For the longest interstellar journeys of thousands or even millions of years, biological tissues fall into a metabolic dormancy which reduces their energy demands a hundredfold, while computronium cores run at their lowest, sub-sentient operational capacity - just barely enough to run navigational guidance and make course correction burns. Attendant fleets of probes siphon trace atoms of hydrogen from the void, the only external source of fuel for onboard fusion reactors, while carefully rationed antimatter produced and stockpiled in orbit of the star the Great One left behind provide the primary energy source for the voyage's duration. Every biological cell contains specialised thermotrophic and electrotrophic organelles, able to subsist off the waste heat and a fraction of the electricity generated by these processes.
When the Great One finally arrives, resources are more plentiful, though the need for extreme parsimony to sustain such a large and complex biomechanical construct is always pressing. While close to a sun great fields of solar platforms are deployed, blooming across kilometres of space like immense and glittering flowers. These power antimatter farms that produce the bulk of in-system energy, beamed back to the cylinder via microwave or laser - or possibly quantum information teleportation, which some Great Ones are believed to have mastered.
Further out, in the ice-strewn peripheries of star systems, thousands of skimmer probes issue from the cylinder to siphon hydrogen and methane from cryojovians' rings. Thousands more are manufactured to scoop the complex organics that spew in geysers from the sub-surface oceans of their icy moons. This is the Great One's most significant source of nutrition. Magnetotrophic organelles activate and metabolise when passing through the magnetic flux interactions of the giants and their innermost satellites, a close second when the intensity is sufficient.
It is in these environments that the Great Ones run at their peak operational and metabolic speed, though still ponderous in the extreme compared to most terrestrial Nexus species. However for the longest in-system stays of many thousands of years, more advanced means of energy extraction can be employed. These increase the processing power and metabolic potential of the Great One exponentially. Geothermal taps drink subsurface cryomagma from systems of icy moons, and siphon the heat of rocky planetoids' cores. The atmospheres of gas giants are seeded with rapidly proliferating microbial cultures, transforming over millennia into unfathomably vast agricultural reservoirs. Effectively endless sustenance so long as the Great One remains in orbit.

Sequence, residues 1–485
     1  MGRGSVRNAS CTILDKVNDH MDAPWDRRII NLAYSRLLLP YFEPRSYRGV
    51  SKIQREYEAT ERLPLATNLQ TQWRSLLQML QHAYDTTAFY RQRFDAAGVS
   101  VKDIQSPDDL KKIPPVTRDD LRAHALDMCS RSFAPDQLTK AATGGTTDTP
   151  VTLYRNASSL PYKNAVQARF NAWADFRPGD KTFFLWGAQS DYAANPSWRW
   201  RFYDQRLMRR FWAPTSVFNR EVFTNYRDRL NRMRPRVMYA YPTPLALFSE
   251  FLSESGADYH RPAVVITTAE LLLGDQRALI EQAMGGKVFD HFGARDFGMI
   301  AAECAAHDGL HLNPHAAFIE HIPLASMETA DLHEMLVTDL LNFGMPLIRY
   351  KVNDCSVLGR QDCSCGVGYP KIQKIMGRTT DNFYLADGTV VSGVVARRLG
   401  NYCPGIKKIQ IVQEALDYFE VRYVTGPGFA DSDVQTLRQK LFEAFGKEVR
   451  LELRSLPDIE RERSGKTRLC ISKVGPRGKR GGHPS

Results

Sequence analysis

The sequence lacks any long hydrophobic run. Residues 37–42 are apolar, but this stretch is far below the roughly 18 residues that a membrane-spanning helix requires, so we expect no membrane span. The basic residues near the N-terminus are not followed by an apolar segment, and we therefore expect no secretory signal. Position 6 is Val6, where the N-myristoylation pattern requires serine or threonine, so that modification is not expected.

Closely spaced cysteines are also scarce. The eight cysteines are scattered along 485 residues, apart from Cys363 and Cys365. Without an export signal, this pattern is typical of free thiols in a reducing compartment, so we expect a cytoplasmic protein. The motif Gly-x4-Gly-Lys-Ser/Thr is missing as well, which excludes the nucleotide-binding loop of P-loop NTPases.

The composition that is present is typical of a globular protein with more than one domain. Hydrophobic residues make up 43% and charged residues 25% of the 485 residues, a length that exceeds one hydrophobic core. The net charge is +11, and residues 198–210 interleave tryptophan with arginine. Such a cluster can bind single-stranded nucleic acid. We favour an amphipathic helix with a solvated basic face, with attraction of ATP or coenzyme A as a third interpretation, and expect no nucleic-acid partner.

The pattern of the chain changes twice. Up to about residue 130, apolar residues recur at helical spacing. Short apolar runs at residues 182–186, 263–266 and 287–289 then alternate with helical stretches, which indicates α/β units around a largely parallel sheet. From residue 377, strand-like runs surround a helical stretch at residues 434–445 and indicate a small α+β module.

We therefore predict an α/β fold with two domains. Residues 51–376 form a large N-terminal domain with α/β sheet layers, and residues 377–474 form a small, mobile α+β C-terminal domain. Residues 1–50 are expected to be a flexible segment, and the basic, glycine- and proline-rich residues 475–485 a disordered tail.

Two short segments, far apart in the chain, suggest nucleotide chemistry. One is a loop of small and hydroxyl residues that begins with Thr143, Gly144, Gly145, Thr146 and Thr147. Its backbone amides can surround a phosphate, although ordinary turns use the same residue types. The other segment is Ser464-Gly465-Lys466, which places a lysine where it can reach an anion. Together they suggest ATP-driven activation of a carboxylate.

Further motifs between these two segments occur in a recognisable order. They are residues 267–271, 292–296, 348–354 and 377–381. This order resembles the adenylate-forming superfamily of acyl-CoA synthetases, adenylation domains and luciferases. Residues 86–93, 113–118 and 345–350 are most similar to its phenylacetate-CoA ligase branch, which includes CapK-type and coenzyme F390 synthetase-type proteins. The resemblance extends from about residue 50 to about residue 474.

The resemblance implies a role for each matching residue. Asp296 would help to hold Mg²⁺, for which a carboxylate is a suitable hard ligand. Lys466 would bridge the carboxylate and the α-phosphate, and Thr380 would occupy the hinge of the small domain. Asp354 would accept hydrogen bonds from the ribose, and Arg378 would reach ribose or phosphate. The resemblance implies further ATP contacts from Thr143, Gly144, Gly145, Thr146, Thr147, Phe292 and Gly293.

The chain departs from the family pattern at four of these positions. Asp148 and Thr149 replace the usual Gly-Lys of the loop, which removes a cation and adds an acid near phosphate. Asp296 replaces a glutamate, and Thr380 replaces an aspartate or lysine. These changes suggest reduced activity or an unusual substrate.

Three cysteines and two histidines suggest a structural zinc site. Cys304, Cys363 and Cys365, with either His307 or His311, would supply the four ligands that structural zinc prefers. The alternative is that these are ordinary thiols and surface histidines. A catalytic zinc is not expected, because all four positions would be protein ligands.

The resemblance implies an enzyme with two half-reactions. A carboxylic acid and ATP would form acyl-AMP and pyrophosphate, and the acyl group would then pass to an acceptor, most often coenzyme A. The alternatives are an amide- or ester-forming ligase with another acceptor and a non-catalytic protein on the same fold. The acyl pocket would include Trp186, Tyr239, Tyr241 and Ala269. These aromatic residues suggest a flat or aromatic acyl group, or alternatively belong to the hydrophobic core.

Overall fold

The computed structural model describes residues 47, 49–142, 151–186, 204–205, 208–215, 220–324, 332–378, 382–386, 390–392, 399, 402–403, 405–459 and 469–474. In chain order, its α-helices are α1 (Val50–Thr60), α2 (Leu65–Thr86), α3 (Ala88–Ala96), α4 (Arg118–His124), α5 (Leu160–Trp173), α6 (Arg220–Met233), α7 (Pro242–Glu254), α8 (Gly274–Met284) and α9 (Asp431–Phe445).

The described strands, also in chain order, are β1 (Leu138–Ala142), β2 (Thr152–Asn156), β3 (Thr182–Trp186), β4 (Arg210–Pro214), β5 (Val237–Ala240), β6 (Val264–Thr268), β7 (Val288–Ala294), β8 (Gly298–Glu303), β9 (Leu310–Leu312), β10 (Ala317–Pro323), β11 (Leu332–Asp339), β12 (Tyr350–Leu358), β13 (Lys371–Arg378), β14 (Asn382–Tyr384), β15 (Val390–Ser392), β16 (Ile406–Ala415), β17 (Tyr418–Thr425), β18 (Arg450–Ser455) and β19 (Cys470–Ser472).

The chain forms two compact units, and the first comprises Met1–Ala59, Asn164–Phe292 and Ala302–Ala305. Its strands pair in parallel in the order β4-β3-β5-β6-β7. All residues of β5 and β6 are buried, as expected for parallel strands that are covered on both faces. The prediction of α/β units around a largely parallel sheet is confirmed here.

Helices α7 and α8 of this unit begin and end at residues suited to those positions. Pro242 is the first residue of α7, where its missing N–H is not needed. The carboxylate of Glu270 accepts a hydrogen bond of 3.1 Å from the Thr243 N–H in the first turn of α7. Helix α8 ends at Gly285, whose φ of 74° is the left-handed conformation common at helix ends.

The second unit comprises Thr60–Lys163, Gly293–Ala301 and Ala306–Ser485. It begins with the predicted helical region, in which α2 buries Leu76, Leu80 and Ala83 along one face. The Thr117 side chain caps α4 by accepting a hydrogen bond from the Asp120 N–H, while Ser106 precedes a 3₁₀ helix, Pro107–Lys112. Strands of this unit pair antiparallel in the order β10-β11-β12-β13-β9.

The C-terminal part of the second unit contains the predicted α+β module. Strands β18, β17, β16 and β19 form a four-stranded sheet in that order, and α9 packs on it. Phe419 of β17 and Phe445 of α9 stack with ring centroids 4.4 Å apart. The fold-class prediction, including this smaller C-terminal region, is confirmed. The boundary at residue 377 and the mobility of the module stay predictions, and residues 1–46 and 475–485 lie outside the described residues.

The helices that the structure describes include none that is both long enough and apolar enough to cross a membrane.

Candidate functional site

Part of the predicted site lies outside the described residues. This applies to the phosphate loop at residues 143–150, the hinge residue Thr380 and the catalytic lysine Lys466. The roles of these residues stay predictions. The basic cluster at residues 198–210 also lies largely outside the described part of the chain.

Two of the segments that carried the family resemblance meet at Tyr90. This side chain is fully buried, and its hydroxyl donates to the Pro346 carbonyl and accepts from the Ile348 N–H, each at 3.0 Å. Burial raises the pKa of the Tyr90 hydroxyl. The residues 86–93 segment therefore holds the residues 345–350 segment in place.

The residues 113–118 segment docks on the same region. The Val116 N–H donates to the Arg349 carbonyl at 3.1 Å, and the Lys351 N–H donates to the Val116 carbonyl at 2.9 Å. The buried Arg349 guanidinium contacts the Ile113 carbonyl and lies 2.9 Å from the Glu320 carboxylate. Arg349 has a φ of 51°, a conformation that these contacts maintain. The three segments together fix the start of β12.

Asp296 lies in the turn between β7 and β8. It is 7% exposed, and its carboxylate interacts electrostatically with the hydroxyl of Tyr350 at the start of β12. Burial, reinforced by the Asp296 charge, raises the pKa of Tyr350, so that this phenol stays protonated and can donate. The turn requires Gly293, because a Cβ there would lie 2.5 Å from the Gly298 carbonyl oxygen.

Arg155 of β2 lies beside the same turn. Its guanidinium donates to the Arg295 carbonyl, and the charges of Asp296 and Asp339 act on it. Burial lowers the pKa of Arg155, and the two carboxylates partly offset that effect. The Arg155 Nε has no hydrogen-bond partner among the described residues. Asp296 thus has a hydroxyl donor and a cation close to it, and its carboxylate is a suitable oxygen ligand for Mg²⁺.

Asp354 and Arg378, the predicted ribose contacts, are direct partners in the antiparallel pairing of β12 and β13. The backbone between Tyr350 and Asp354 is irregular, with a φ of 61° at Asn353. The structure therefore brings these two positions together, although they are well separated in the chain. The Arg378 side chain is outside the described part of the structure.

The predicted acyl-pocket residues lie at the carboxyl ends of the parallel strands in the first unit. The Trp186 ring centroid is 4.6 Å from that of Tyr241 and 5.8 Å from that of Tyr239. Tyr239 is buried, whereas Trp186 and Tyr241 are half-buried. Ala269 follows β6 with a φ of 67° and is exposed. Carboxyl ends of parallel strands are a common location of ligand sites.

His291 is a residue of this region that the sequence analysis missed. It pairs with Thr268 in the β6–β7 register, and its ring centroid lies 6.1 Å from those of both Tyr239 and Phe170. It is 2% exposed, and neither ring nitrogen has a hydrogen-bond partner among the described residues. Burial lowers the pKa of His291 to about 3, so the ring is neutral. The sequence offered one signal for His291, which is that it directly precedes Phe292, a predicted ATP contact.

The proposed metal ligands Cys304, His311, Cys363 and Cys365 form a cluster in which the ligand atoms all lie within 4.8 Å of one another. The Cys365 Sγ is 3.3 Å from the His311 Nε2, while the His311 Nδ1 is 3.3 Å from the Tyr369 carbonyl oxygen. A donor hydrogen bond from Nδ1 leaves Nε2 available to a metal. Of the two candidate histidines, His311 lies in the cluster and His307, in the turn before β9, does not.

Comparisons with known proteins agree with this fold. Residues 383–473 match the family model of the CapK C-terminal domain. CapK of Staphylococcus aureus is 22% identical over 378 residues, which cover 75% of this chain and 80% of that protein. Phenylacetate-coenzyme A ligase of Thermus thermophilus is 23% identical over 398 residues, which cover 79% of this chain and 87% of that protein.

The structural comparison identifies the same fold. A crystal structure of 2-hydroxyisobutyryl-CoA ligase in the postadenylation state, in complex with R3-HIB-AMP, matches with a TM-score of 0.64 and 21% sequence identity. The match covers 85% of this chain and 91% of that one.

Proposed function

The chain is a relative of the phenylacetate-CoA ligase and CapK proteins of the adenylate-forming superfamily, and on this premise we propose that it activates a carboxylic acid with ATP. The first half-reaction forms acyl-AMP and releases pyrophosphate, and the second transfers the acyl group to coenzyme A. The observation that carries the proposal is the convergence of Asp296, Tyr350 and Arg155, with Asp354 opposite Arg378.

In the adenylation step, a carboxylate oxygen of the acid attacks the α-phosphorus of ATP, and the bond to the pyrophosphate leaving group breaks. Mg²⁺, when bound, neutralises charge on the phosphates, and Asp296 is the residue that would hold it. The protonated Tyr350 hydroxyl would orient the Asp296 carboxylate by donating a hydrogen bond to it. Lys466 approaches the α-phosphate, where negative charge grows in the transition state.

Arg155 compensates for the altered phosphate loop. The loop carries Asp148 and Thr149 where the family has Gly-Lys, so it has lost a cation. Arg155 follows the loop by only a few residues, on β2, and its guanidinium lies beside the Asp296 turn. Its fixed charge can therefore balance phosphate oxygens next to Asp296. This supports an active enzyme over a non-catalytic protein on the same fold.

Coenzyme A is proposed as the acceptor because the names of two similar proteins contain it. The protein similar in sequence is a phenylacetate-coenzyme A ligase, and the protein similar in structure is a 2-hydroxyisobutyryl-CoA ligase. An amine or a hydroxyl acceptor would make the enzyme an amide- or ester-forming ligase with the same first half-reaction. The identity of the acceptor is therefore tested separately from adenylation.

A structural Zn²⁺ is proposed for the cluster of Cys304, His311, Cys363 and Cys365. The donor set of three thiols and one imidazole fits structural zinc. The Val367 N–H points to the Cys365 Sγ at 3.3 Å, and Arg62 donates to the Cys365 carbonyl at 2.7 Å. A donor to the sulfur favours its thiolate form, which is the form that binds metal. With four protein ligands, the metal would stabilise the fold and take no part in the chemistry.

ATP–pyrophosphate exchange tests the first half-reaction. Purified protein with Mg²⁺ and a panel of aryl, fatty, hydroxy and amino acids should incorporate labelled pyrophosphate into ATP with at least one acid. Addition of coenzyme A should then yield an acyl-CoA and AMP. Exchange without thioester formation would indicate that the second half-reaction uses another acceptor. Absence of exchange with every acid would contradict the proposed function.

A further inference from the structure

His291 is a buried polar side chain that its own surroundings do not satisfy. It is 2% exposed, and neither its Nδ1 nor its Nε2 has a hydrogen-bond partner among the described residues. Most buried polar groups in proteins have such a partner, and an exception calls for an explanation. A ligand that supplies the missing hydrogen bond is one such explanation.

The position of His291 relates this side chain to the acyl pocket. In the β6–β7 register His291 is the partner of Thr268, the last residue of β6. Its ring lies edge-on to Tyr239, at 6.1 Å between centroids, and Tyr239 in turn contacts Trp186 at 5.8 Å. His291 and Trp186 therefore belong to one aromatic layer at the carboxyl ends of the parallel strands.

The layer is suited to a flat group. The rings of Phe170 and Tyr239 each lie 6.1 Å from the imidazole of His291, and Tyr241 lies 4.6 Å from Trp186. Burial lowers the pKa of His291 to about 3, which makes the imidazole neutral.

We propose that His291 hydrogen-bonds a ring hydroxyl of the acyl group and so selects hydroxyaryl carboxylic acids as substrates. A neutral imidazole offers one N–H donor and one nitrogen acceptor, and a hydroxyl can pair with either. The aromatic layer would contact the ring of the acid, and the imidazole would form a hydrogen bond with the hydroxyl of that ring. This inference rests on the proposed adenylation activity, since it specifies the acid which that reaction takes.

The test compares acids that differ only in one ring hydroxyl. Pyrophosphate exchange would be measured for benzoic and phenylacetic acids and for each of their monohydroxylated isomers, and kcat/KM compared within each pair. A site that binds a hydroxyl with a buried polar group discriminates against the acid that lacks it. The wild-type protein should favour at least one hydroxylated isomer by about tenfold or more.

So they subsist.
Harnessing the vast expanse of their empty territory, and pursuing whatever solitary desires, scientific, explorative or creative, that drove them across the interstellar gulf. But in astronomically rare cases, and perhaps only a few times in their species' history, two Great Ones have encountered one another. Detecting their electromagnetic and infrared emissions while en-route to the same system, or arriving to find the other already there.
Such an extraordinary occurrence may end in almost cosmically tragic anticlimax, a brief period of communication and shows of deterrence ensuing, before the more deterred of the two is permitted to replenish its antimatter reserves - and then to set out in search of a virgin system.
Yet it also invites the possibility of something all Great Ones ultimately yearn for.
Something that, as far as the Owners can determine, may never even have happened.
WIP - To be Continued